Sunday, December 30, 2012

The roots of the poison tree

I've long been convinced lobbyists are at the root of corruption in government. Can't quite figure out how to cure the disease. I mean, hard to say we should just uproot it because, right to petition the government. But this mutation of lobbying rules should surely be pruned out.
The Post analysis shows that the interests of lawmakers and their relatives have overlapped to varying degrees on bills before Congress. In the past six years, for example, 36 congressional relatives — including spouses, children, siblings, parents and in-laws — have been paid to influence 250 bills passing through their family members’ congressional committees or sponsored by the members.

All of this is legal under the rules Congress has written for itself.
So maybe the problem is, they're writing their own damn rules.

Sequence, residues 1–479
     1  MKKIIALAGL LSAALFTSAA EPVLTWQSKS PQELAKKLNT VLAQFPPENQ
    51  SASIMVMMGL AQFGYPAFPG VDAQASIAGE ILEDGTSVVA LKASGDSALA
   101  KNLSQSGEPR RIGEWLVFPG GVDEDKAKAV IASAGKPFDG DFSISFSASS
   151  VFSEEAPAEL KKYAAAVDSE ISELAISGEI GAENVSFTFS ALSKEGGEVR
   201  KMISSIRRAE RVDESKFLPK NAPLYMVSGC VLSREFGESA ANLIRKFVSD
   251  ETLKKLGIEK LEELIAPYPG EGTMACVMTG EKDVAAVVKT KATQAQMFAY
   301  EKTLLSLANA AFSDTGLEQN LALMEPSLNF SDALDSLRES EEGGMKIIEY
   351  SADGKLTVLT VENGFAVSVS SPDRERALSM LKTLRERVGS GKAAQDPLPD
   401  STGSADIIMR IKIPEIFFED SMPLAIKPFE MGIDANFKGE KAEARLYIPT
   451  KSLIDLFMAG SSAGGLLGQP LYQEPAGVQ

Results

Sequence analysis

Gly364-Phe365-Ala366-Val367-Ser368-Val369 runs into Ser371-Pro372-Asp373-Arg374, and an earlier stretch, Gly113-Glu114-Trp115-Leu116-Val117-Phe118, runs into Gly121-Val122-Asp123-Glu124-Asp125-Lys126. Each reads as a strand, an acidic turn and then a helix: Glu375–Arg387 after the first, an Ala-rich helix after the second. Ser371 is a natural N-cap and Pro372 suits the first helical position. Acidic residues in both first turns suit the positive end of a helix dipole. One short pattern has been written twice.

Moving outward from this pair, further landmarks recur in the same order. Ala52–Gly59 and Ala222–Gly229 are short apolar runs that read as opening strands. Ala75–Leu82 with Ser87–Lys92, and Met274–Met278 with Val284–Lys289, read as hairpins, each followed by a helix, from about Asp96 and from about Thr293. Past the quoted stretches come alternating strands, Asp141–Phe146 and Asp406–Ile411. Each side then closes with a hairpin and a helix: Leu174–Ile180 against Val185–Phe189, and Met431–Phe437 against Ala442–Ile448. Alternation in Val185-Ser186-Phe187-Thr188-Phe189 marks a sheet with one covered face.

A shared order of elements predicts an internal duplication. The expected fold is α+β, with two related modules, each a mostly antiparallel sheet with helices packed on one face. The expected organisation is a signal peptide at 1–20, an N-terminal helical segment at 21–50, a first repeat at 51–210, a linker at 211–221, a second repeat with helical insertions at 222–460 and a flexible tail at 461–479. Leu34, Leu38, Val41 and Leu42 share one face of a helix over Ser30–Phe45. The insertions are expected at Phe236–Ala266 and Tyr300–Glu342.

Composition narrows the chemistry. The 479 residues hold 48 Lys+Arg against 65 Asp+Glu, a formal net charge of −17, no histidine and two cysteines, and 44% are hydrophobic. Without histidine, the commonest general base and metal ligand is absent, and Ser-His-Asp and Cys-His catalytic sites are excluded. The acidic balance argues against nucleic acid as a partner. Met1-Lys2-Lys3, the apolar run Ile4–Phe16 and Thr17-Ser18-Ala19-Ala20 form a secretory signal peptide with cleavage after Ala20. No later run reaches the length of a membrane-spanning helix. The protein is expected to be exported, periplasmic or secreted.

[Dark Guardian Graphic]

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Lindsey Graham predicts the future

Which looks pretty much like a repeat of 2011. Apparently, (as Charlie calls him) Huckleberry Closetcase is more than willing to destroy the American economy unless the Senate agrees to starve granny. As he said in an interview:
I’m not going to raise the debt ceiling unless we get serious about keeping the country from becoming Greece, saving Social Security and Medicare [sic]. So here’s what i would like: meaningful entitlement reform — not to turn Social Security into private accounts, not to take a voucher approach to Medicare — but, adjust the age for Social Security, CPI changes and means testing and look beyond the ten-year window. I cannot in good conscience raise the debt ceiling without addressing the long term debt problems of this country and I will not.